Last week I had told my Dad that my number was one of those being summoned and he told me that I wouldn't get chosen to be a juror since you have to mark on your paperwork any relation to law enforcement, the court, District Attorney office employees, etc. My Dad is a retired Corporal with the Pennsylvania State Police and I told him that I was going to be optimistic with this one. When assigned numbers after collecting our paperwork, I was given #20 (my birthday) and knew it was good luck ;)
We were taken in to the courtroom and the next part of my story began for the process of what I call "weeding jurors out". Both attorneys (or in my case-one attorney, the defendant chose to represent themself) look through the paperwork we filled out and call you up to ask further questions if needed. For instance, if you're traveling that week, think that you will have bias regarding the case and other things. I was not called up, and due to having a blood relative who was a State Trooper I was kind of surprised. Handfuls of people began to leave the room as they were dismissed by the Judge and Jury Coordinator and my chances at having a shot to be a juror were increasing by the second. They asked the 12 people currently seated in the juror's box to go stand on the other side of the room and if your name was called, please report in order and seat yourself in the box. "Emelia Lawrence, Juror #8" was said and I happily stood up and walked to my seat. I DID IT- I MADE THE TEAM!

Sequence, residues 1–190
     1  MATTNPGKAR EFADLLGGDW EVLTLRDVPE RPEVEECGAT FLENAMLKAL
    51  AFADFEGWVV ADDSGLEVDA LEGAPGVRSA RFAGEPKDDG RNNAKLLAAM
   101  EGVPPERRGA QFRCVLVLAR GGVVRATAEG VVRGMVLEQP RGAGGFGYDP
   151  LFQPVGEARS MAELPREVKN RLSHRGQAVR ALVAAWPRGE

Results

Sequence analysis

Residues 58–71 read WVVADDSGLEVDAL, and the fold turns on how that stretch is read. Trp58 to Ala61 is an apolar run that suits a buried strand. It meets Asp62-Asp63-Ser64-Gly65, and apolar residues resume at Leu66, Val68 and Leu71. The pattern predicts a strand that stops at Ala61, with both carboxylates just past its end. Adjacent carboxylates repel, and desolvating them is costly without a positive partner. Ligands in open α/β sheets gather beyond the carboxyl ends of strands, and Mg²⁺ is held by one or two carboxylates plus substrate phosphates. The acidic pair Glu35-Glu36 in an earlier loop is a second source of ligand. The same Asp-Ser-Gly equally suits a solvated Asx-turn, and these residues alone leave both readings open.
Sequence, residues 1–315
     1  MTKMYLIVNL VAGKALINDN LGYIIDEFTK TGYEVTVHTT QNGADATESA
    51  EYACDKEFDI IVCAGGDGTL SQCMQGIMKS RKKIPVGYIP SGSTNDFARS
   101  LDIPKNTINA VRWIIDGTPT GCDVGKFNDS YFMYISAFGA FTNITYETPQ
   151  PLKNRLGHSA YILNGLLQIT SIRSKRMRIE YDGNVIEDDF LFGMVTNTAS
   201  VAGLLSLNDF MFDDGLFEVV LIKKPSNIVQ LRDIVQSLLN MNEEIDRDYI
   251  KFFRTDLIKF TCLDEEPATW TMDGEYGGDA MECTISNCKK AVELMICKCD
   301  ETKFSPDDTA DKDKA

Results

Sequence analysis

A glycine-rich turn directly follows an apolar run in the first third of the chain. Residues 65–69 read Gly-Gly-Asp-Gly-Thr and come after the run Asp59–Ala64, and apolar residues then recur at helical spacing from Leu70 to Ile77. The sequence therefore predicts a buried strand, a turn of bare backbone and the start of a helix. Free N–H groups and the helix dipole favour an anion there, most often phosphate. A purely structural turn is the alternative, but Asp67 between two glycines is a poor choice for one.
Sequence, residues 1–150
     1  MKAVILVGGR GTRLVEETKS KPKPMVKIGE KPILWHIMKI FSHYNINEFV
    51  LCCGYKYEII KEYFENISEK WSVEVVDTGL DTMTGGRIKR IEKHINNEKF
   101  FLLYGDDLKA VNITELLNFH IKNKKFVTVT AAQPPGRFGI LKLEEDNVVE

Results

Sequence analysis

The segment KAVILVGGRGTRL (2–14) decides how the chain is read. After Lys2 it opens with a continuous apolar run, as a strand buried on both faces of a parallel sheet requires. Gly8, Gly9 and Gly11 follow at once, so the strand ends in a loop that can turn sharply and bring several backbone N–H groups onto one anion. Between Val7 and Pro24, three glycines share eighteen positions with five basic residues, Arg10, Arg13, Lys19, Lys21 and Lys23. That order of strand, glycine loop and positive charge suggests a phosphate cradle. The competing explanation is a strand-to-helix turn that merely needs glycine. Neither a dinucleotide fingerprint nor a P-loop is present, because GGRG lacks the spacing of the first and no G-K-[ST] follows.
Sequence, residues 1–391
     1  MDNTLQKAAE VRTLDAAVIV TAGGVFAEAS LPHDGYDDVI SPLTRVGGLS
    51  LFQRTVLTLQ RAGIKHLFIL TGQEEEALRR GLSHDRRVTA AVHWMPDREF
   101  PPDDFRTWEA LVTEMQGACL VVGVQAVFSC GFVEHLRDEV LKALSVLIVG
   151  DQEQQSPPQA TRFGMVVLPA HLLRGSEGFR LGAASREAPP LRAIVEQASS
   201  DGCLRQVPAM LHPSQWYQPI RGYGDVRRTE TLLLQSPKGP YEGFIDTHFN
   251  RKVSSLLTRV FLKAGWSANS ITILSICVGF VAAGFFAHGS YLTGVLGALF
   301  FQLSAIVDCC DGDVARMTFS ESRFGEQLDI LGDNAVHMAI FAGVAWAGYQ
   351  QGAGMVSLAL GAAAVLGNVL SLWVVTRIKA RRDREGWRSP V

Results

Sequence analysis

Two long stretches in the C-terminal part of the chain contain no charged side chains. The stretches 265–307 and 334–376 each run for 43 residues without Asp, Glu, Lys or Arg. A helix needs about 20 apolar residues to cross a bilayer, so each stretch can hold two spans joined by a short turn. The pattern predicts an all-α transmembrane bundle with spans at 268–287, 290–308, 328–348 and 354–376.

In all seriousness, I really wanted to do this. I'm a huge fan of thrillers, Law & Order SVU, and investigations...I blame it on my Dad. But I always have been and this was something that was on my unofficial list of things to do in life. 
The Judge read over some rules, how the case may play out, that it was an armed robbery case and dismissed us for lunch- FINALLY at 1:30 pm. 
I walk over to a nearby deli for a sandwich and when I'm paying, tell the employee that I'm going to grab a pop from the cooler also. A man standing by the cooler asks where I'm from since I'm calling it a pop. Long story short, he's also a juror on the same case, a retired Pennsylvania State Trooper and knows my Dad. We exchange stories, end up eating lunch together and find out that we share lots more common interests, career paths, etc...This probably would have not happened unless I was on jury duty...thank you, again.
Our group promptly returns from lunch and we realize that court time and real-life time moves much differently. We aren't told many details by the Judge's staff- seems like this is a norm, and it's understandable but frustrating at times. It's a lot of sitting and waiting, lining up, sitting back down, waiting, being warm, then freezing, being out of touch with what time it is unless you wear a watch (as the only clock in the courtroom is very high above our heads in the juror's box).
We get started on the case, hearing more information from the Judge, and opening statements from the defendant and District Attorney. I'm not going to share all details of the case, but it was for armed robbery. I was mind-blown with the lack of evidence and reasonable doubt in this case and the lack of credibility of certain members. Again, without going in to great detail in this case, the defendant was being charged with 5 counts and accused of robbing 2 members with a gun in their vehicle. This person supposedly stole a cell phone and large amount of cash from them. The defendant was never found with a gun, a cell phone, and only 1/3 of the money they were accused of stealing a few hours later.